> I've been looking for some information to start working on an O2 port and
> have basically gotten the response that managmement at SGI is not willing
> to release hardware specs for the O2 (a mistake IMHO). Don't get me wrong
> I think it's great that they allowed the Indy hardware specs to go out the
> door, even if in a limitied fashion.
> (I ran into the same problem with a Nintendo, but don't you agree that the
> 64 would make a great little "Network Computer"?)
> I'm guessing that they're looking at this as if an Indy running Linux
> won't really be that competetive with the O2s runnning IRIX, which I can
> almost understand.
> I can speak from my personal experience. I working with various research
> and production departments in a university that uses UNIX heavily. I can
> honestly say that we have several platforms (Alpha, Sparc, and Intel) that
> are running linux in production capacity. Also we have a lot of people
> using linux on there workstations (the above platforms plus a slew of
> others).. I think reallity is that people like Linux because they can get
> it to do usefull things on so many platrforms.
> Certain organizations within the school, who run anything from O2s to
> Octanes, to a Cave/Reallity Enginge, and an Origin 2000 (ok that
> probably gave away who I was talking about) are considering Linux on
> high-end Intel boxes as a inexpensive replacement for a $6000 dollar O2
> running IRIX. I think this is partly due to the added cost of OS licenses
> and various other software packages they have to pay for. It would be
> ashamed if SGI lost a share of it's hardware sales (even if it is
> the only in workstation market) market becasue some freeware wasn't
> available to run on it.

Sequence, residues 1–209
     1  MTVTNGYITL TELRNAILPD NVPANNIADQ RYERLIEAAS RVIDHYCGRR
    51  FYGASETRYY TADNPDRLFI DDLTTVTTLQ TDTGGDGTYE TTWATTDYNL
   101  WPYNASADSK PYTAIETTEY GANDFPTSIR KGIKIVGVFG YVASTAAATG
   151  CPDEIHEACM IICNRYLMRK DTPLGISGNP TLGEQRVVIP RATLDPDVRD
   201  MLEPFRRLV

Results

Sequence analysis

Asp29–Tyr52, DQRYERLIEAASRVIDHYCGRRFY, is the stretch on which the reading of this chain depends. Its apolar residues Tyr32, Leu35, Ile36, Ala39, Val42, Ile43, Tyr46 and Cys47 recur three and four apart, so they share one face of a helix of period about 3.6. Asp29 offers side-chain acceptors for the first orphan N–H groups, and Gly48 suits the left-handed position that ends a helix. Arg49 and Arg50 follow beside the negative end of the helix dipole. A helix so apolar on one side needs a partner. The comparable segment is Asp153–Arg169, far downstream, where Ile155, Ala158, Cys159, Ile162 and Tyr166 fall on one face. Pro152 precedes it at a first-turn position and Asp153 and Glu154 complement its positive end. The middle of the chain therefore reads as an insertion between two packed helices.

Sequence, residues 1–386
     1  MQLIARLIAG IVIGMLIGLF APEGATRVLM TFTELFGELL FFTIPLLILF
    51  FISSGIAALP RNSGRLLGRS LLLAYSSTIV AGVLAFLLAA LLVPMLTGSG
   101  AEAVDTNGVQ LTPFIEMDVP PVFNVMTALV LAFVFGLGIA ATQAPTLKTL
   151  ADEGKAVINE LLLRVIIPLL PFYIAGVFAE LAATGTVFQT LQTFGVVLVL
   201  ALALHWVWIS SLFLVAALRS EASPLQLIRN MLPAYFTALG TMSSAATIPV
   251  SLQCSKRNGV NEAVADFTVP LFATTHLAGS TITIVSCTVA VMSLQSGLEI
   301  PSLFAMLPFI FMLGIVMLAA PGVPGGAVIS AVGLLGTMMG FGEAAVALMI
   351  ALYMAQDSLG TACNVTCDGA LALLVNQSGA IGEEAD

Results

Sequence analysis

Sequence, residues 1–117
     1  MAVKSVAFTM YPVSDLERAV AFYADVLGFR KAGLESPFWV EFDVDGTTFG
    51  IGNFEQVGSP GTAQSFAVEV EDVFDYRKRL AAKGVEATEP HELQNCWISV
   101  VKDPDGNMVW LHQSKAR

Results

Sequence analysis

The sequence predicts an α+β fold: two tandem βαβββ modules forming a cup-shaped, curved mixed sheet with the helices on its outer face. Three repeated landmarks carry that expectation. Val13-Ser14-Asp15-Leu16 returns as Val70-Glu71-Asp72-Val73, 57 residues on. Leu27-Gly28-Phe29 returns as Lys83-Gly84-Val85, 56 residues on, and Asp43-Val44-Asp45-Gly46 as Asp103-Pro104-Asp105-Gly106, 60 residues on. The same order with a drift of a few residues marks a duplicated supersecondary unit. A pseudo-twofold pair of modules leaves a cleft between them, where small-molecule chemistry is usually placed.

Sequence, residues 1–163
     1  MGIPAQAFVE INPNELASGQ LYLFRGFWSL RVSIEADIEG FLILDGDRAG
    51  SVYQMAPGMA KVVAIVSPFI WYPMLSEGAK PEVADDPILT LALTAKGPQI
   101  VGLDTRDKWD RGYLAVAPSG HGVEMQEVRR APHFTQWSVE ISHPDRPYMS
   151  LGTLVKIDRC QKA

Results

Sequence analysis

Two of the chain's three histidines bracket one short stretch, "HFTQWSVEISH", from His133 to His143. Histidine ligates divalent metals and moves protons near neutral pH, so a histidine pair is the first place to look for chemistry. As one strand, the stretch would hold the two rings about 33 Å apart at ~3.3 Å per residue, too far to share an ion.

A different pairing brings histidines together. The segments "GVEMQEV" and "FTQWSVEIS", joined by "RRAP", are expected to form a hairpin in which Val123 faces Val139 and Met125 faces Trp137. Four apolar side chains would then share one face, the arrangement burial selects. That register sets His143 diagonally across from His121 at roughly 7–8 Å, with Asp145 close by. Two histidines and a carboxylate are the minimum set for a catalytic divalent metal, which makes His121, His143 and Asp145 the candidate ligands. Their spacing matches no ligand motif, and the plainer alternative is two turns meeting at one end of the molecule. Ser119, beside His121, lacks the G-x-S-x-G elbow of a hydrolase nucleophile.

> I realize that SGI has a vested interest in seeing IRIX succeed, and IRIX
> is probably (it hurts to say this) better than Linux when running 128 (or
> soon 4096) CPUs. Linux however, is great lightweight OS for workstations
> especially. There's even more value added to am SGI running Linux that can
> be introduced into an evironment where multiple high-preformance platform
> type are desired (ie, Sparcs, Ultras, Alphas, SGIs. HPs, etc.) but a
> single operating platform is needed.
> This makes perfect sense to me, but I don't know if I'm explaining
> everything in the most effecient manner. I'd be _extremely_ happy to
> discuss this with someone, especially people from SGI that have some sort
> of influence on getting us the specs we need.
> Right now I am basically in position (not officially supported by the
> university of course, but there not telling me not to do it either, if you
> know what I mean) where I've been given and Indy and an O2 to work on
> porting Linux while on the clock. I don't know how much better it gets,
> but I'm guessing not much... I won't have the hardware forever,
> unfortunately, but if I can start making some sort of progress I can
> possibly convince them of the need to let me keep it.
> I hope we can somehow figure out a way for SGI to help us out on this one.
I also would like to see Linux ported to the O2 but also don't expect it to
happen in the near future. We have to remember that SGI is a "hardware
company" and did not get where it is because of software. To ask them to
divulge the inner workings of their bread-and-butter product, thus allowing
competitors to reproduce and improve upon the design is asking for disaster.
SGI does not fabricate their own chips and they have done their best to
provide access to their source (as long as it doesn't compromise their
hardware investment). The only thing they have to sell is their design.
Since MIPS is not faring very well against competitors and there seems to me
a bit of doubt that they can stay ahead, what else does SGI have to sell?
Just their internal architecture and IRIX.
Giving the Linux community access to the internal design of the O2, Octane
and/or Origin would give any competitor the information they need to put SGI
out of business. I don't blame the company for not wanting Linux on the
newer products until the next generation is released.
| Christopher W. Carlson |
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